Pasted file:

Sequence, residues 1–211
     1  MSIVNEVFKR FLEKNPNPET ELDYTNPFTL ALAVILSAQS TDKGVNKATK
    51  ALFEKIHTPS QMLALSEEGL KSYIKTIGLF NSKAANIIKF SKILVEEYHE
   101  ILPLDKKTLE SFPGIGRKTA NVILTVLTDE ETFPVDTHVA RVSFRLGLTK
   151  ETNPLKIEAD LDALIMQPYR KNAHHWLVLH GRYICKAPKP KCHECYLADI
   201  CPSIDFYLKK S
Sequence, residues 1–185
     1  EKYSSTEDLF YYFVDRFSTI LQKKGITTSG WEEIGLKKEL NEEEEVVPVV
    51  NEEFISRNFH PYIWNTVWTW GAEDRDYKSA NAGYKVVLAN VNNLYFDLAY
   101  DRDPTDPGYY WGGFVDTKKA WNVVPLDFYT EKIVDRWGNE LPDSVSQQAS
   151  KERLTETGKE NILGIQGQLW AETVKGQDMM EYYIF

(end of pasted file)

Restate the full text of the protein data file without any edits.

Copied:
Sequence, residues 1–211
     1  MSIVNEVFKR FLEKNPNPET ELDYTNPFTL ALAVILSAQS TDKGVNKATK
    51  ALFEKIHTPS QMLALSEEGL KSYIKTIGLF NSKAANIIKF SKILVEEYHE
   101  ILPLDKKTLE SFPGIGRKTA NVILTVLTDE ETFPVDTHVA RVSFRLGLTK
   151  ETNPLKIEAD LDALIMQPYR KNAHHWLVLH GRYICKAPKP KCHECYLADI
   201  CPSIDFYLKK S
Sequence, residues 1–185
     1  EKYSSTEDLF YYFVDRFSTI LQKKGITTSG WEEIGLKKEL NEEEEVVPVV
    51  NEEFISRNFH PYIWNTVWTW GAEDRDYKSA NAGYKVVLAN VNNLYFDLAY
   101  DRDPTDPGYY WGGFVDTKKA WNVVPLDFYT EKIVDRWGNE LPDSVSQQAS
   151  KERLTETGKE NILGIQGQLW AETVKGQDMM EYYIF